Knowing who to trust is crucial to Net trade

Knowing who to trust is crucial to Net trade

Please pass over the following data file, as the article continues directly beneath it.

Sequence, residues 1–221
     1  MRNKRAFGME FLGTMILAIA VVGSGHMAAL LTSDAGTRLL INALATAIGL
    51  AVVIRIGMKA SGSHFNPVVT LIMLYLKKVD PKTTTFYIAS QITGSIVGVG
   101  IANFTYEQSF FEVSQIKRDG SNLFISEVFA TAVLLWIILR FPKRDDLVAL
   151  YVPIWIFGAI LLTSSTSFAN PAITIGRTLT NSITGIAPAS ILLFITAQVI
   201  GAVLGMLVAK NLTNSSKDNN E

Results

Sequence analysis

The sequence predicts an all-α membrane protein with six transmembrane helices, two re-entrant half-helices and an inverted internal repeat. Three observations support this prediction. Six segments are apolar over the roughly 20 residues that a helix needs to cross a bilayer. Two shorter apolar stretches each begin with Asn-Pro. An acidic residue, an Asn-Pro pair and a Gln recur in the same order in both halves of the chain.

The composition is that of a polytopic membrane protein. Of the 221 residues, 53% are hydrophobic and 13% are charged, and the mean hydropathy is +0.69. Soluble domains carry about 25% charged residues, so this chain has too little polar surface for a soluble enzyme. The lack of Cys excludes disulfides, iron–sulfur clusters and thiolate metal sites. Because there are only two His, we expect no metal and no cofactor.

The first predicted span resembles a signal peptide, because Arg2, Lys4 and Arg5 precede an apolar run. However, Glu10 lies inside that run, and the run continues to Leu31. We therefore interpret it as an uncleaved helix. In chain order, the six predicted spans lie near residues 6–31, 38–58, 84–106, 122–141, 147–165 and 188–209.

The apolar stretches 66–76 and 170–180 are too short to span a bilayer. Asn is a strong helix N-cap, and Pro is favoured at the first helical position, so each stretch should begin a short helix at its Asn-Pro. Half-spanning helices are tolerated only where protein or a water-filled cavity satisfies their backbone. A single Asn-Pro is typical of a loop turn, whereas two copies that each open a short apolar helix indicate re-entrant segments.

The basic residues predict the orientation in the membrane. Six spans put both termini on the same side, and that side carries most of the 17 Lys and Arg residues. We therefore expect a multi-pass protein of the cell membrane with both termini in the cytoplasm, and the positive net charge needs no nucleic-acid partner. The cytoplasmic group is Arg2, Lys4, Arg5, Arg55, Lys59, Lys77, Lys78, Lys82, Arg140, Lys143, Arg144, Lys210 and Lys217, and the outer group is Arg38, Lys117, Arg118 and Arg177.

By Mark Ward ELECTRONIC commerce is booming, but the trouble with buying and selling on the Net is that you never get to meet the people you do business with. So how do you know whether they will pay up on time? Or if they are charging the going rate for their products? Neal Workman, a former fisheries debt collector, thinks he has the answer: sites that act as trusted third parties can become market moderators, acting as honest brokers. He has turned his knowledge of the financial state of restaurants, supermarkets and food-processing companies into a profitable website called Go-Fish, which allows fishermen working the seas off the coast of Maine to find solvent buyers for their catches. The service is hosted by Workman’s company, SeaFax of Portland, which provides financial and credit information on the food industry. The SeaFax website is also the gateway to several other services. It provides a 24-hour news feed about suppliers and restaurants, lists the credit ratings of these companies and hosts a Java-based market that matches sellers to buyers. As electronic commerce becomes more widespread,
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